A chronicle of the things I find interesting or deeply important. Exploring generally 4 pillars of intense research. Dynamic Cognition (what every one else calls AI), Self Healing Infrastructures (how to build technological Utopia), Autonomous work routing and Action Oriented Workflow (sending work to the worker) and Supermortality (how to live...to arbitrarily long life spans by ending the disease of aging to death.)
Search This Blog
First *extra Galactic* planetary scale bodies observed
So every so often I see a story that has me sitting at the keyboard for a few seconds...actually trying to make sure the story is not some kind of satire site because the headline reads immediately a nonsense.
This headline did just that.
So I proceeded to frantically click through and it appears it was a valid news item from a valid news source and my jaw hit the floor.
Many of you know that we've been finding new planets outside of our solar system for about 25 years now.
In fact the Kepler satellite and other ground observatories have been accelerating their rate of extra-solar planet discoveries in the last few years but those planets are all within our galaxy the Milky Way.
The three major methods used to detect the bulk of planets thus far are wobble detection, radial transit and this method micro lensing which relies on a gravitational effect that was predicted by Einstein in his general theory of relativity exactly 103 years ago.
But here's the thing...micro lensing which was found in very large massive collections of distant bodies distorting the light of even further distant galaxies and clusters...is also amazingly...a reliable way to detect bodies of much smaller mass than the massive distant galactic clusters.
And so here it is...the first planetary level reporting of extra Galactic bodies.
I am speechless.
The paper describing their rather elegant method, which is destined to be a seminal work...is here:
I think that the author misses truths that have been in place that show that collectivization is not a process that started with the internet but has been with us since we started inventing things.
It seems that Mr. Lanier is not properly defining the contexts under which different problems can benefit or suffer from collectivization. He speaks in general terms of the loss of the potential for creators to extract profit from their work but misses that this is and was true of human civilization since we first picked up a rock to use as a crude hammer. New things make old things obsolete and people MUST adapt to what is displaced (be it a former human performance of that task or use of an older product) so as to main…
I have found as more non formally trained people enter the coding space, the quality of code that results varies in an interesting way.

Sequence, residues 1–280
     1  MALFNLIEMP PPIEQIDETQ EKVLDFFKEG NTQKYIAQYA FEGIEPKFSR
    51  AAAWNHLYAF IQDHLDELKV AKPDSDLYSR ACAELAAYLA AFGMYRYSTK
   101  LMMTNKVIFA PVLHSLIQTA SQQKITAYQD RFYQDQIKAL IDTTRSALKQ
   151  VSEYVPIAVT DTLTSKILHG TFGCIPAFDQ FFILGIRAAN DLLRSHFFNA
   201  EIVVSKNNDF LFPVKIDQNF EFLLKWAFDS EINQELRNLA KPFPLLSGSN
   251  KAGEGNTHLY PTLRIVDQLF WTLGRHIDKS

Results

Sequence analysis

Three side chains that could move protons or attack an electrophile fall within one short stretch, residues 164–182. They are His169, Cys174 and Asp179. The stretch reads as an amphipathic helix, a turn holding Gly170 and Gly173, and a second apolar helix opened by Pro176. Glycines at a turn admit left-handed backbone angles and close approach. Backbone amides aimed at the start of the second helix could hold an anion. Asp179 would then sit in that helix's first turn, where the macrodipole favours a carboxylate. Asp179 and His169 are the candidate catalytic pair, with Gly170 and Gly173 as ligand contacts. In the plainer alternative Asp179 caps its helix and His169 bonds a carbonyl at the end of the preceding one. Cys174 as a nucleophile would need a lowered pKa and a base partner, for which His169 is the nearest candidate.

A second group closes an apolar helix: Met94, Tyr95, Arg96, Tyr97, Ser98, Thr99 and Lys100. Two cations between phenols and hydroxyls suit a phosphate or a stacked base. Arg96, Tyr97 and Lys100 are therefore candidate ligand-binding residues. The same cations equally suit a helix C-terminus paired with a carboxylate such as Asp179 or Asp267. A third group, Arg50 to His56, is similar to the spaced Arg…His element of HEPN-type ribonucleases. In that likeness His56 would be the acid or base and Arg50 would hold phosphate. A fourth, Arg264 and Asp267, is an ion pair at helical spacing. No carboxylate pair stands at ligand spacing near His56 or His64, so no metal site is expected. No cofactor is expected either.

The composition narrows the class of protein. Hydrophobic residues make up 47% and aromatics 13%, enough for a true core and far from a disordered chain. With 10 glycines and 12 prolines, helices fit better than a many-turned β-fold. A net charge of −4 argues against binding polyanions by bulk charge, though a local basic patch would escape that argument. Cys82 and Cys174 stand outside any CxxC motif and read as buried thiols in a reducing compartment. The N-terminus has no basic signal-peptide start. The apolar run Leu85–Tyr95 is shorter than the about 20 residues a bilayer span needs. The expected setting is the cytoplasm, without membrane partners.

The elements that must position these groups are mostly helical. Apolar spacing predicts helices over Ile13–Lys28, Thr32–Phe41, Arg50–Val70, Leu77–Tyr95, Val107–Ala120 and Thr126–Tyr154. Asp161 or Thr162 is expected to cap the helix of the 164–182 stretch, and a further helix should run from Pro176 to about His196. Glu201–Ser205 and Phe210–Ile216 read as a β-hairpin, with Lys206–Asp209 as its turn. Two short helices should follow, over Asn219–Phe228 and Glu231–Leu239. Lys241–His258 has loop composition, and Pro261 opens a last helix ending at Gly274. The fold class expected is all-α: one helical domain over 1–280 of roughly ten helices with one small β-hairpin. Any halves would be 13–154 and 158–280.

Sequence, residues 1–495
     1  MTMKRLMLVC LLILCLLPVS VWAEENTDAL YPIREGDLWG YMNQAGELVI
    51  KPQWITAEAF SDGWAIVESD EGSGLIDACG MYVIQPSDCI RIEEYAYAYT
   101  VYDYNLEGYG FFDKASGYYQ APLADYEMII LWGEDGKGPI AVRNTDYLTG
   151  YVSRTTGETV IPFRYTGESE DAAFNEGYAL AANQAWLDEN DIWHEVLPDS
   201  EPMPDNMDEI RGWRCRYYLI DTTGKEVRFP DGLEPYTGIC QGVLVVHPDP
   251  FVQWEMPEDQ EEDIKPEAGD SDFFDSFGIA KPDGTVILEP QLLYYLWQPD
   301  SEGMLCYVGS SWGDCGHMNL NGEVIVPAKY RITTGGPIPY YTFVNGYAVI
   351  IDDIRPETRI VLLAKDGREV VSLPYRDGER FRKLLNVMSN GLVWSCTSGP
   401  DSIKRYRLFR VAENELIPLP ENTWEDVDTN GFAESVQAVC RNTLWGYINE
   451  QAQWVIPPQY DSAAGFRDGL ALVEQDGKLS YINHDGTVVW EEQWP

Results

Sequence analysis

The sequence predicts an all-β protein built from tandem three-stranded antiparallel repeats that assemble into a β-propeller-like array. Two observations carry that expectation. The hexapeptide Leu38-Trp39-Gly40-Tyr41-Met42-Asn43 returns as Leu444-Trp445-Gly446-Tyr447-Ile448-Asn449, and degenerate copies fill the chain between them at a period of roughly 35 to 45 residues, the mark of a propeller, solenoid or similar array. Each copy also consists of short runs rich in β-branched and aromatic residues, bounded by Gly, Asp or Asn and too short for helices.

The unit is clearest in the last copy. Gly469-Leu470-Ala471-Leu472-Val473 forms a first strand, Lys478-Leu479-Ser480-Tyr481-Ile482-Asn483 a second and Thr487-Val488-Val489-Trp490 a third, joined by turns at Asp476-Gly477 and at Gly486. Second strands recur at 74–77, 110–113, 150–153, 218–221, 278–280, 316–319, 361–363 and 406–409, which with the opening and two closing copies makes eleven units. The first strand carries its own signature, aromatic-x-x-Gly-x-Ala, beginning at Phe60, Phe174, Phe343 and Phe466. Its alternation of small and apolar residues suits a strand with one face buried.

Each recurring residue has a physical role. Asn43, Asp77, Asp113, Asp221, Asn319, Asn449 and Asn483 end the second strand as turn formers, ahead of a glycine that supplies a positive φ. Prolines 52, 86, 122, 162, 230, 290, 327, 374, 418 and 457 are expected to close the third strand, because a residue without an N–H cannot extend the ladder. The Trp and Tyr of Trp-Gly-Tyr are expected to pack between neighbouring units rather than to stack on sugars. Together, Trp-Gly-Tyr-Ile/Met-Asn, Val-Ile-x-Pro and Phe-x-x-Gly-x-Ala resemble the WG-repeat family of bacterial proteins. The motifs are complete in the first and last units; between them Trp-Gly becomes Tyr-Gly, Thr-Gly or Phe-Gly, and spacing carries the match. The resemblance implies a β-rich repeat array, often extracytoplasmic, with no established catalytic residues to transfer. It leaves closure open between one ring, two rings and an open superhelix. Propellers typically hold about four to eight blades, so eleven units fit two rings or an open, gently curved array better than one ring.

The formalities of learning to code in a structured course at University involve often strong focus on "correctness" and efficiency in the form of big O representations for the algorithms created.
Much less focus tends to be placed on what I'll call practical programming, which is the type of code that engineers (note I didn't use "programmers" on purpose) must learn to write.
Programmers are what Universities create, students that can take a defined development environment and within in write an algorithm for computing some sequence or traversing a tree or encoding and decoding a string. Efficiency and invariant rules are guiding development missions. Execution time for creating the solution is often a week or more depending on the professor and their style of teaching code and giving out problems. This type of coding is devo…
Permissions, fine grained versus management headache
The usual method for determining which users can perform a given function on a given object in a managed system, employs providing those Users with specific access rights via the use of permissions. Often these permissions are also able to be granted to collections called Groups, to which Users are added. The combination of Permissions and Groups provides the ability to provide as atomic a dissemination of rights across the User space as possible. However, this granularity comes at the price of reduced efficiency for managing the created permissions and more importantly the Groups that collect Users designated to perform sets of actions. Essentially the Groups serve as access control lists in many systems, which for the variable and often changing environment of business applications means a need to constantly update the ACL’s (groups) in order to add or remove individuals based on their ability to perform certain actions. Also, the…